The ACCC's Digital Platforms Inquiry Final Report (Report) confirms what is already clear – there is a proliferation of digital data and the broad range of ways that organisations (not only digital platforms) now use data has resulted in a complex inter-relationship between innovation, data commercialisation, privacy rights and consumer rights.

    According to the ACCC, amendments to the Privacy Act are necessary to address an imbalance that have arisen in these relationships.

  • IBA Rome: taking on a global focus

    With the countdown on to the International Bar Association (IBA) conference in Rome in October, MinterEllison partner Peter Bartlett – who serves as the treasurer of IBA and the Legal Practice Division Secretary-Treasurer – reflected on some of the great opportunities ahead.

  • Reforming Australia's outdated defamation laws: MinterEllison submission
    Our submission to the Council of Attorneys-General Review of the Model Defamation Provisions calls for greater protection for freedom of expression under Australia's defamation laws, which are strongly slanted in favour of plaintiffs and represent a pervasive limitation on journalism.
  • Landmark defamation decision: Facebook page hosts now liable for comments
    A landmark court decision is likely to have profound implications for hosts of public Facebook pages in Australia.
  • ACCC seeks to restore balance in the media industry
    The ACCC's Digital Platforms Inquiry Final Report (Report) has made recommendations that could significantly impact the regulation of the media industry and digital platforms, and the future for media organisations in the digital era.
  • False Information in the Time of Coronavirus: Law and Regulation in the U.S. and Australia

    False or mising information in the media is not a new phenomenon but during the coronavirus pandemic, governments around the world have sought to enact new laws and regulations, or to strengthen existing rules, in order to address it.

  • National defamation law reform: Changes considered

    Australia's outdated defamation laws have long been slanted in favour of plaintiffs. However, the 'plaintiff's bonanza' may be somewhat tempered by the recent passage of the Defamation Amendment Bill 2020 (NSW) on 6 August 2020.

  • IBA Conference coming to town reflects high regard for Australian firms

    A message from the Treasurer of the IBA, Peter Bartlett

  • VLRC Contempt of Court Report implications for the media

    The Victorian Law Reform Commission's proposed a shake-up of the common law contempt of court framework holds troubling implications for Australia's already stark media landscape. Our team analyses the implications.

  • ACCC calls for competition reforms that will impact digital platform operators and beyond
    The ACCC has concluded its long-running Inquiry into digital platforms in Australia. It set out its findings and a detailed set of recommendations in its final report released on 26 July 2019.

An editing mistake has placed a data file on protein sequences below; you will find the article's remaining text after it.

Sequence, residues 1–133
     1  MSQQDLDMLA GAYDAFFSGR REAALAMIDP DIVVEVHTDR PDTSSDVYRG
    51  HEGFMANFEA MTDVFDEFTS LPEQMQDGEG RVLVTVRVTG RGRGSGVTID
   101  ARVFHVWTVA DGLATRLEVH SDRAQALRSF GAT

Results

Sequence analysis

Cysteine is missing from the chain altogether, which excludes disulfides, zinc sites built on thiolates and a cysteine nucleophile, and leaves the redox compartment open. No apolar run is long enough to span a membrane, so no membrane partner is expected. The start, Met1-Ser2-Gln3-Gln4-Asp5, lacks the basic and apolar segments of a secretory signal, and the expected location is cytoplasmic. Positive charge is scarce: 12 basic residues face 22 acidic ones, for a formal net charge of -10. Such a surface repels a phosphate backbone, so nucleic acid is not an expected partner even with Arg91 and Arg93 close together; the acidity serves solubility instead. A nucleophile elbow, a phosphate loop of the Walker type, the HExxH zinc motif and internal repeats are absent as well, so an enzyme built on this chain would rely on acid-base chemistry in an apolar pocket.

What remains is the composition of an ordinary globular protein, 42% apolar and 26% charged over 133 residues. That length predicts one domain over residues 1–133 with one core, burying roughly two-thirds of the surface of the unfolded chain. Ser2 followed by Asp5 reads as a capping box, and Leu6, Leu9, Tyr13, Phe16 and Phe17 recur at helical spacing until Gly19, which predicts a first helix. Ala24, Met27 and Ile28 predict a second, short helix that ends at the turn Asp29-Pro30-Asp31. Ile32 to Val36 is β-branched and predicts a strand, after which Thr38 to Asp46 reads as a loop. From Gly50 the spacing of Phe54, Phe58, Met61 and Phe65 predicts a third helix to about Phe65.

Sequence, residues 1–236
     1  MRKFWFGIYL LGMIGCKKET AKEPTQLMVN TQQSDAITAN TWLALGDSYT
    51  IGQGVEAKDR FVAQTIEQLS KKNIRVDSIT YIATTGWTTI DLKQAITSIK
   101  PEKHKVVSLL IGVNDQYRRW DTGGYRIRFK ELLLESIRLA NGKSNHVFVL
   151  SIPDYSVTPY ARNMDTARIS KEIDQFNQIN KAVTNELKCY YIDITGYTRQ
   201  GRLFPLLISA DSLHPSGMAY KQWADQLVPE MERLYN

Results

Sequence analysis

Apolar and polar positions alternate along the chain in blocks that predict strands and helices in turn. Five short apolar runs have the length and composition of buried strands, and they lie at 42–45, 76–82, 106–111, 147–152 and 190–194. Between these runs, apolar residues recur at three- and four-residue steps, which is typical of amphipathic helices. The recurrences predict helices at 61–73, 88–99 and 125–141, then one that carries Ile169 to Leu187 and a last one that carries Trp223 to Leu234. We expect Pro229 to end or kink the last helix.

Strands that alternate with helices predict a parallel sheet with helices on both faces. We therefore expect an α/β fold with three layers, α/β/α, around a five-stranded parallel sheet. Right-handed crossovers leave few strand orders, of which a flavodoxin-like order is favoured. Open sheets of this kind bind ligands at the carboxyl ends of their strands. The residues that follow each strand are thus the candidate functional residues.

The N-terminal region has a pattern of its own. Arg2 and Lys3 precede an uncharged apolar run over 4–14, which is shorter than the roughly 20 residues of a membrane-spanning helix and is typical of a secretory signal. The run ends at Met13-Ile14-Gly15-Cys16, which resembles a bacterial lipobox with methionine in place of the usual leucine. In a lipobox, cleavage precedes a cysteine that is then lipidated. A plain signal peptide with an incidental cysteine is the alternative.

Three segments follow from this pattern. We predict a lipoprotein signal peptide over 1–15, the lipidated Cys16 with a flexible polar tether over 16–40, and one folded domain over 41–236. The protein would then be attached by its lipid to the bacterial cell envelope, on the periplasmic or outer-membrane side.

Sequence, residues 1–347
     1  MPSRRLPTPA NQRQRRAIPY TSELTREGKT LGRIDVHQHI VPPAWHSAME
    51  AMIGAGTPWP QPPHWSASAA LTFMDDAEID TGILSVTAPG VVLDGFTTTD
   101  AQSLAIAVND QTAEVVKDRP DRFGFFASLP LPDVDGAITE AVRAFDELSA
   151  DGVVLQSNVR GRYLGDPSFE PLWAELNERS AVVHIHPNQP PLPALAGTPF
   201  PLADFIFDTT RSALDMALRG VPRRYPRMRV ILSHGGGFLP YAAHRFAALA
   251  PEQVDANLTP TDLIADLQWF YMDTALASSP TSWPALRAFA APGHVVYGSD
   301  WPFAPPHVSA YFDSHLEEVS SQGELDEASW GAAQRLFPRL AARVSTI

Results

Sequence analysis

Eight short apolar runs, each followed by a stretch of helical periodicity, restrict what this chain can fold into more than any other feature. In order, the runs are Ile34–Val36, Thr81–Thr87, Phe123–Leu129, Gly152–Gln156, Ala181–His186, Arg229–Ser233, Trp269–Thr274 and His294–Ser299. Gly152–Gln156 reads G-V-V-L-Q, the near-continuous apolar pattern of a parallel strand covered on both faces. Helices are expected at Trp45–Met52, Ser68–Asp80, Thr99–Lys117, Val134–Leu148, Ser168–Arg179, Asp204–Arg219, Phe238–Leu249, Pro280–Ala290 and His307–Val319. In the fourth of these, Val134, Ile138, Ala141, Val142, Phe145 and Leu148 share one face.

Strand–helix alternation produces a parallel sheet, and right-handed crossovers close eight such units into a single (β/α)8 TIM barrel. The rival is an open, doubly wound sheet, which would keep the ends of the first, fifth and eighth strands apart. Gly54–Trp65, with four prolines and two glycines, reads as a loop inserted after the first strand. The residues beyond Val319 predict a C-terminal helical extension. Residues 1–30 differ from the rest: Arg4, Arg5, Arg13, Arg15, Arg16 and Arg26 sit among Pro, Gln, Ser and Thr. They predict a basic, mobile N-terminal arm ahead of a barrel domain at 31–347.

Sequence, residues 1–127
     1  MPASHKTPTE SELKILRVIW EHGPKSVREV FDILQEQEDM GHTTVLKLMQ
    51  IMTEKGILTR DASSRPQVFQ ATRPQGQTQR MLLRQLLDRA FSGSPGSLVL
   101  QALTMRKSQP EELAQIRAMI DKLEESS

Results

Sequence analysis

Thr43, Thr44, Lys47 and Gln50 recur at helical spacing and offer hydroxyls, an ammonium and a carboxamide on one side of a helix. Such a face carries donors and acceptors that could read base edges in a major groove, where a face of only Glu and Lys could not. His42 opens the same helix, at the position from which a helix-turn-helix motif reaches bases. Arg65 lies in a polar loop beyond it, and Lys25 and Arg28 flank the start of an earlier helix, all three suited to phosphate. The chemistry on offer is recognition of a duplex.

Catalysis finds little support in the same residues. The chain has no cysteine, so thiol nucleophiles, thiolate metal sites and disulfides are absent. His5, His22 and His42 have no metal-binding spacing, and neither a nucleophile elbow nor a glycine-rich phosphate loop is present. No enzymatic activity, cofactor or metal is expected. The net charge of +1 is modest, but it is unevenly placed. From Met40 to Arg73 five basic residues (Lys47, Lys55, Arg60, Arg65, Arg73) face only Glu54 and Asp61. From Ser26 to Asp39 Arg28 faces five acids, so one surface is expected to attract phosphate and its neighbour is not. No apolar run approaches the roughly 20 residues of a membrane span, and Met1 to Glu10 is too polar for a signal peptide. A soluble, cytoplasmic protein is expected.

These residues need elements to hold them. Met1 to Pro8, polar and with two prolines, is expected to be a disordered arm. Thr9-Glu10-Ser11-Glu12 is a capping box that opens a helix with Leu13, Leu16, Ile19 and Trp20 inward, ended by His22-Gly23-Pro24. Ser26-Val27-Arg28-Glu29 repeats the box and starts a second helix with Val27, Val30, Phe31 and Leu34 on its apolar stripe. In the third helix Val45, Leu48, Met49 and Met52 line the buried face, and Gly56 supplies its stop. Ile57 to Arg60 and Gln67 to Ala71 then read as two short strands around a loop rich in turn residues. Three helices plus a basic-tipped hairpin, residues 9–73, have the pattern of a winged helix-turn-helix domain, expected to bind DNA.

• High profile and high stakes
    MinterEllison is regularly called upon to contribute its expertise on media law for some of the country's biggest media names, including Fairfax, BuzzFeed, Private Media, the ABC, SBS and International Media companies.
  • Hinch goes to the High Court (and loses)
  • How journalists can reduce defamation risk

    A recent decision illustrates some of the steps that journalists can take to improve their prospects of being protected by qualified privilege.

  • A tweet that wasn't so sweet – court orders $105,000 in damages for defamatory tweets and Facebook posts
  • Regulating the comment section: The 'Anti-Trolling' Bill

    The government is proposing new laws to regulate online speech. The laws would put greater onus of responsibility on social media platforms as primary publishers of the content posted on their sites.

  • High Court decision makes companies liable for defamatory Facebook comments

    In a landmark defamation case, the High Court of Australia has held that media companies are 'publishers' of the comments by third-party Facebook users on their Facebook posts.

  • Protecting your corporate reputation during a crisis
    Picture this: you are just about to grab a coffee during a busy day when your phone rings. You answer the call. A reporter is on the line and you are about to be tomorrow's front page news for all the wrong reasons. A crisis is breaking ... how do you respond? This article gives guidance on how you should handle the media during a crisis and rebuild your reputation after a crisis.
  • Putting the brakes on costly internet defamation cases? The decision in Bleyer v Google Inc
  • Online anonymity is not guaranteed: Google ordered to identify user behind online review
    A new case, where the Federal Court of Australia ordered Google to reveal the identity of an anonymous user who posted an allegedly defamatory review, will have implications for how people post reviews online.